Carpe Noctem: Is it Time for Chronolinguistics?

Williams, S. E., & Horst, J. S. (2014). Goodnight book: Sleep consolidation improves word learning via storybooks. Frontiers in psychology5. (open access)

A few months ago, I read a wonderfully-written and informative book called Rest by Alex Pang. Pang reviews recent research on the benefits of taking breaks, napping, and sleeping on learning, creativity, and productivity.

So when Jessica Horst (whose work on storybook reading I discussed here) sent me a fine paper she and her colleague did on sleep and vocabulary acquisition, I finally had an excuse to look more closely at the “sleep literature” as it relates to language acquisition.

Williams and Horst studied the effects of a napping and sleep on word acquisition by a group of three-year-olds. In previous studies, Horst and colleagues had determined that young children (three-year-olds) acquire more novel words when the words appear in stories that are re-read to them than when they appear in different stories.

In other words, young children acquire more words when their parents do precisely what they request them to do: read the same story over and over again.

The researchers extended this work to see whether napping soon after storybook reading would improve recall and retention of novel words. Forty-four three-year-old children in nurseries and pre-schools were assigned to one of four different conditions:

  1. Listen to the same story three times + take a nap
  2. Listen to the same story three times + no nap
  3. Listen to three different stories + take a nap
  4. Listen to three different stories + no nap

All the stories contained the same novel words, and the nap/no nap condition was based on the child’s current preferences – that is, kids who had stopped taking naps were assigned to the “no nap” group, and the kids who still regularly napped were put in the “nap” group. The novel words (pseudo-words) were not explained to the children explicitly. The children were tested immediately after they heard the stories and then again at intervals of 2.5 hours, 24 hours, and seven days.

As had been found in their previous studies, hearing the same stories read three times resulted in more vocabulary gains than hearing three different stories (.73 versus .38; chance = .25). But the big news is the effect of the nap: napping increased retention for both the same-story and different-stories groups.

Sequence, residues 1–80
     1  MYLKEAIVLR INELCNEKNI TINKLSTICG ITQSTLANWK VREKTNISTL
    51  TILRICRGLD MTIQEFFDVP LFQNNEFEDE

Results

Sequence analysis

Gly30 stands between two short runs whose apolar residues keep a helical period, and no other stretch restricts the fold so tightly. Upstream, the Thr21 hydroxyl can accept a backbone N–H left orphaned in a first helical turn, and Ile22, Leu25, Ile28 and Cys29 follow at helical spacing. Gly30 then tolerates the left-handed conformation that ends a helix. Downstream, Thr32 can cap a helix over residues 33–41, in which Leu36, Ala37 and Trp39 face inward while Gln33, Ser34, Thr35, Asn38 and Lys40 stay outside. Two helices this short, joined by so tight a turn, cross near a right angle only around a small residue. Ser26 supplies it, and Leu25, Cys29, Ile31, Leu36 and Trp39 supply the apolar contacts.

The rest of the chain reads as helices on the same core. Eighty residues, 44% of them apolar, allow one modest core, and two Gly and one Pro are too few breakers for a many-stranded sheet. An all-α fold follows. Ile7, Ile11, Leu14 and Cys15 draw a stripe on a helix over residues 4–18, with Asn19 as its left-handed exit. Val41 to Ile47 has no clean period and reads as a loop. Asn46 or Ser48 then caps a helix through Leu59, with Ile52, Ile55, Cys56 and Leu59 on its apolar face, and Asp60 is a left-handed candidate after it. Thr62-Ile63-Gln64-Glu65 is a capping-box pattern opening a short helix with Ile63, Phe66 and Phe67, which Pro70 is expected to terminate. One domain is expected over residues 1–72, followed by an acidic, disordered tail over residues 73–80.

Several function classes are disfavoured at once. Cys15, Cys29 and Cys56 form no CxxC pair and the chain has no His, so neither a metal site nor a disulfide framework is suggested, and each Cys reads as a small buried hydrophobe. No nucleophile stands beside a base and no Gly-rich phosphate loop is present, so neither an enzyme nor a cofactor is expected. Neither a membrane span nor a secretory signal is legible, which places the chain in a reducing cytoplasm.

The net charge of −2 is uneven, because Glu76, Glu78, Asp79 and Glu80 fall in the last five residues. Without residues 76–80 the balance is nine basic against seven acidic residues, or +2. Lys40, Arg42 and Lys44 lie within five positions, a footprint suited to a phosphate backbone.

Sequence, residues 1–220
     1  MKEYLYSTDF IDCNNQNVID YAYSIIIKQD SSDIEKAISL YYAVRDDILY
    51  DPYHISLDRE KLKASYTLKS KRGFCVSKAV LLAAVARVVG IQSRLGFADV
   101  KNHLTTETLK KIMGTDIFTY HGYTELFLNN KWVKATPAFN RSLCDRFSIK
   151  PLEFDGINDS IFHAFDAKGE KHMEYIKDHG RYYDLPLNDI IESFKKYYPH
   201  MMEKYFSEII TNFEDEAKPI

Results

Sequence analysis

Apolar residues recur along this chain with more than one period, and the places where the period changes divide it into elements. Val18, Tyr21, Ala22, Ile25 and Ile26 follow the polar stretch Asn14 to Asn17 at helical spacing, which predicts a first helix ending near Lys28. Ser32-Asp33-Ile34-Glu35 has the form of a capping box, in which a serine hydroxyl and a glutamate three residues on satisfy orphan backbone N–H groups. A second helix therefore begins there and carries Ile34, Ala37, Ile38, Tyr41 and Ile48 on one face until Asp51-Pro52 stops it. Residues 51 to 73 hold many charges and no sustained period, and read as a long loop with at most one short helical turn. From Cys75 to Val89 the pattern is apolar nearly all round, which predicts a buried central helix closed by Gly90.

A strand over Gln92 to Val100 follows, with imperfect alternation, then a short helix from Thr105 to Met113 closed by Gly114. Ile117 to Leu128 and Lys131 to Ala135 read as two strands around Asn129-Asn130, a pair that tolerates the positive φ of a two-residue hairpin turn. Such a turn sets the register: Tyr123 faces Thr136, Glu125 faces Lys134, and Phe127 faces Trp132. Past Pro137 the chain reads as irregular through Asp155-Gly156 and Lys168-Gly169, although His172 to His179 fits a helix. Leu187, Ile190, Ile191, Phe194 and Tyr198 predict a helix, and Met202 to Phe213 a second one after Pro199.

The same-story group’s scores increased from .67 to .92, and the different-stories group from .38 to .71. These gains were maintained (or slightly increased) at 24 hours and seven days.

Both no-nap groups got worse at the 2.5 hour mark, but the kids who were read three different stories never recovered, scoring just .25 at the seven-day post-test. The no-nap same-story group managed to hold on to gains, though their scores also declined from the 24-hour to seven-day post-tests (from .87 to .625) (all from Table 2, p. 6).

The differences between napping and not napping after the storybook sessions were dramatic, especially in the retention scores. Does this mean we should all start brushing up on our French right before we nod off at night?

There have been several studies of older children and adults on word learning (both pseudo-words and bilingual lists) and sleep, and all of them have found improvements in retention after napping (Lahl et al., 2008) and sleep (Brown et al., 2012; Dumay & Gaskell, 2012; Gais et al, 2006; see also Walker, 2005). The drawback of these studies is that the word learning is all intentional: subjects are asked to memorize a set of novel words and then are tested after napping or sleeping.

What makes Williams and Horst’s results so intriguing is that they have shown that retention is better for incidentally acquired words as well, at least for young children. Since most of our vocabulary is acquired incidentally, this is an important advance in our knowledge – more so than I think the researchers themselves realize, as they don’t seem to distinguish between incidental and intentional word acquisition in their discussion.

For second language acquirers, we know that words learned intentionally through bilingual word lists or classroom instruction are forgotten more quickly than words acquired through incidental exposure (see McQuillan, 2016, for a brief review of some these studies). As such, a better test of the napping/sleeping effect for adults would be do to “read-and-test” design, with acquirers reading a text with novel words, having a (surprise) vocabulary test on the words, and then being re-tested seven days later. One class could be a night class, the other an early morning class.

We already have a body of research in “chronomedicine” and “chronobiology.” Perhaps the time has come for chronolingustics?

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